Those of you who went to or follow the Defcon conference in vegas may have seen Moxie Marlinspike's work on MSChapV2. This is the auth scheme i recommended for the raspberry pi pptp vpn. Ie, when the client connects to the VPN, it is the scheme by which the client proves it knows the password without sending the password in cleartext.
A problem i was aware of with MSChapV2 was that the password is bruteforceable, ie if an attacker can capture you connecting to your VPN (ie in a wifi cafe) then they can attempt to crack your password. If the password is weak and they are successful, they can decrypt all of your traffic and also connect to the the network themselves.
However, Moxie analysed MSChapV2 and found a significant design flaw, that is worth reading about: https://www.cloudcracker.com/blog/2012/07/29/cracking-ms-chap-v2/
in short, he found that the whole protocol can be reduced down to a single (56bit) DES encryption, and if you can crack that you can crack MSChapV2. He then worked with David Hulton, an FPGA wiz, to crack DES in under 24 hours. He has made this service available on his website https://www.cloudcracker.com.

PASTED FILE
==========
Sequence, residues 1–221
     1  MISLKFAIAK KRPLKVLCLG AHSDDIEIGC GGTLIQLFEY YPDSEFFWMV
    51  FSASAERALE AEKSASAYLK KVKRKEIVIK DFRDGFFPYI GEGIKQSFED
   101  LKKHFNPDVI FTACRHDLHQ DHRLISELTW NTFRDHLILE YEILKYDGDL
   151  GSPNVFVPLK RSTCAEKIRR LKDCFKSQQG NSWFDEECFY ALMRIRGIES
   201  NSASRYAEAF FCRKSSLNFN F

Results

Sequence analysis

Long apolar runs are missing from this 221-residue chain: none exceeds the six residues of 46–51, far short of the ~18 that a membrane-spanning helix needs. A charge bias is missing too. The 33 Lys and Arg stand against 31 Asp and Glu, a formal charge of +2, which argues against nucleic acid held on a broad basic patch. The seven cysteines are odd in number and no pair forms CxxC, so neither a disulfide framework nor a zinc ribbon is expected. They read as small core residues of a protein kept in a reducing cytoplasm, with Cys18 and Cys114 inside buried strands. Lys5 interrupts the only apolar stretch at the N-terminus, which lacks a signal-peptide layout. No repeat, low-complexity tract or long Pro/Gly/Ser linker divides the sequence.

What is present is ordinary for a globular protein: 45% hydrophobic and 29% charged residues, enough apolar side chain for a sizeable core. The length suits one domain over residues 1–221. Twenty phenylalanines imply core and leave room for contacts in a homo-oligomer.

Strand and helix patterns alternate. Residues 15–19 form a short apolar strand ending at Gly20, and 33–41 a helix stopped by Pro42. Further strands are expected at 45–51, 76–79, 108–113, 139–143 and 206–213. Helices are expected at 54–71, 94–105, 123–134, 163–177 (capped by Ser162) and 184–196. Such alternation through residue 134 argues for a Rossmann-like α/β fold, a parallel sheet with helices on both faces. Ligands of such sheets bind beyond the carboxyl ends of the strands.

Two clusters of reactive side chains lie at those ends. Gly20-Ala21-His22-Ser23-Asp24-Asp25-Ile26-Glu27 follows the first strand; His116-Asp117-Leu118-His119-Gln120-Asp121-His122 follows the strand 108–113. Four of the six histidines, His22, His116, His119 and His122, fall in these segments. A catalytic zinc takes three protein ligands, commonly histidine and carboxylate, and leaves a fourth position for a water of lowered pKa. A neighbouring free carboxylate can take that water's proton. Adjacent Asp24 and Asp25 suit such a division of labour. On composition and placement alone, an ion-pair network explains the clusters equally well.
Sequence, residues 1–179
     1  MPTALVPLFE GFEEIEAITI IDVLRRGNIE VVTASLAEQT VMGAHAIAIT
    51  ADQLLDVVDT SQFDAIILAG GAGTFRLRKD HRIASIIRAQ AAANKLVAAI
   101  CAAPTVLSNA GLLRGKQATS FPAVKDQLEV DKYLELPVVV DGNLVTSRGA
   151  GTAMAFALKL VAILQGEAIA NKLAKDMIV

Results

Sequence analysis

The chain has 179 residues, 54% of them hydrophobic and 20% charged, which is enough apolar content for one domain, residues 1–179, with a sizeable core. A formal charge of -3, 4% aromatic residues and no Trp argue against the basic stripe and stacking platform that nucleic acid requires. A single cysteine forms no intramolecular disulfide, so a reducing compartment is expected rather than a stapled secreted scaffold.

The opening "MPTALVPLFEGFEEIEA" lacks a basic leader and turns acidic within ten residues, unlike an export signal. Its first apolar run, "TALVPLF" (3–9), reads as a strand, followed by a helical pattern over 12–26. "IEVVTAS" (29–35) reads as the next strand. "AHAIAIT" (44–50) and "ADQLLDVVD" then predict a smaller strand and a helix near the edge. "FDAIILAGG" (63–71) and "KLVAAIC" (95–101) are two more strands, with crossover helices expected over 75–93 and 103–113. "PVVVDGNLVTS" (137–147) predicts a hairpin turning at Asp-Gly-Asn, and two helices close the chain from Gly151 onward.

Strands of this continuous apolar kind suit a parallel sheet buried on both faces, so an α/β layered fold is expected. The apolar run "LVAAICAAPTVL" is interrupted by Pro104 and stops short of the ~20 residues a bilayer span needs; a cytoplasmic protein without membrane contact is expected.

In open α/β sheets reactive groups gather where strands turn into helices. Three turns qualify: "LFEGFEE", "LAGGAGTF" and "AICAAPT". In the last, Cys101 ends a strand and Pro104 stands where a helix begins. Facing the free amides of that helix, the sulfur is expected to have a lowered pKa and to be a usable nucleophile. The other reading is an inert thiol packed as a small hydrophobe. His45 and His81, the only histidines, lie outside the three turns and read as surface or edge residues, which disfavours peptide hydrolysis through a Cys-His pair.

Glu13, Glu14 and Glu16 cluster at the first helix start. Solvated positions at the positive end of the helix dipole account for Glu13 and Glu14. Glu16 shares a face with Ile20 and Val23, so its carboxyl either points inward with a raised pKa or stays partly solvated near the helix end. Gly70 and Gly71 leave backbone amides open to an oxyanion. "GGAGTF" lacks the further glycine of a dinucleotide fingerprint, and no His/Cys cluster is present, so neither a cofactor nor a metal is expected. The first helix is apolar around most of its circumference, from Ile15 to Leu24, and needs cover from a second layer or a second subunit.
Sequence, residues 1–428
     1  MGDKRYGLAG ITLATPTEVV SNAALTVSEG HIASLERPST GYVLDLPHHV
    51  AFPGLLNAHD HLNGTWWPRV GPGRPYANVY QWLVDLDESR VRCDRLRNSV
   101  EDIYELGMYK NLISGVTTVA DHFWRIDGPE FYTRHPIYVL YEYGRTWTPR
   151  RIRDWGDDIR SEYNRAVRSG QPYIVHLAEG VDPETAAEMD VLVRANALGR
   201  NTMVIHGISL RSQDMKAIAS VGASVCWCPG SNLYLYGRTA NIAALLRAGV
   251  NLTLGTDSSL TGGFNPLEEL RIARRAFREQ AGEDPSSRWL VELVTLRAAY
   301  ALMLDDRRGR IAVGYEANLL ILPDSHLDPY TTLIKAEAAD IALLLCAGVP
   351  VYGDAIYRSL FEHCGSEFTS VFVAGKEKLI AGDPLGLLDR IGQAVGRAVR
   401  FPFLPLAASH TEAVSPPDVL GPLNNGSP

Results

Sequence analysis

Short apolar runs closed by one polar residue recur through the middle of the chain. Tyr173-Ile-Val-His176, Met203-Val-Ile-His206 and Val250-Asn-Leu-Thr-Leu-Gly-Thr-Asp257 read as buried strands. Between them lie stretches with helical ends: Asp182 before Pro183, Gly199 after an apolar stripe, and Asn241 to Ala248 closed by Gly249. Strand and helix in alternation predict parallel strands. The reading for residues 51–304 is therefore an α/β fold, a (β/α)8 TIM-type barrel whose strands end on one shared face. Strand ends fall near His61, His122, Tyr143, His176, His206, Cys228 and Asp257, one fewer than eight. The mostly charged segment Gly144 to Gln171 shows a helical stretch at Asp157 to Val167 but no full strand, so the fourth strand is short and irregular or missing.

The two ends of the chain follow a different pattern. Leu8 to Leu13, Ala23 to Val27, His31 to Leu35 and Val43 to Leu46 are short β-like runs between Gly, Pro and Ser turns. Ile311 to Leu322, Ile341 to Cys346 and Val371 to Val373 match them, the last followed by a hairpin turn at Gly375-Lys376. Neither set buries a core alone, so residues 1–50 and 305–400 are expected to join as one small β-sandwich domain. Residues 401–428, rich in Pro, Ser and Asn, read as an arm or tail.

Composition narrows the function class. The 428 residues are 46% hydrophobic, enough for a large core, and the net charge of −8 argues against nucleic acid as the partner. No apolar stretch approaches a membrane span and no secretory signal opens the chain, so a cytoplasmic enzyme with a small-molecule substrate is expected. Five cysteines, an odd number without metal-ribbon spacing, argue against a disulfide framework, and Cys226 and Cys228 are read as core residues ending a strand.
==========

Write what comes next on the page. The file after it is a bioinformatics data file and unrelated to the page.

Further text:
So, in summary, if you use a PPTP VPN with MSChapV2 (as i described), someone could intercept that traffic and decrypt all of it 100% reliably and potentially provide access to your network. This is obviously very bad.
Now the risk talk. If you're an average individual, you're unlikely to be on a network with an attacker capable and motivated enough to do it. The risk is very real, but i would say fairly low for now. The VPN will certainly make you safer against a certain level of attacker (ie someone just sniffing open wifi points). This is clearly not a perfect strategy so i will be working on a second guide to use the RasPi as a IPSEC VPN endpoint as this is also supported by the iDevices and is currently believed to be stronger.
Thanks to Moxie for making this public and providing such an entertaining talk!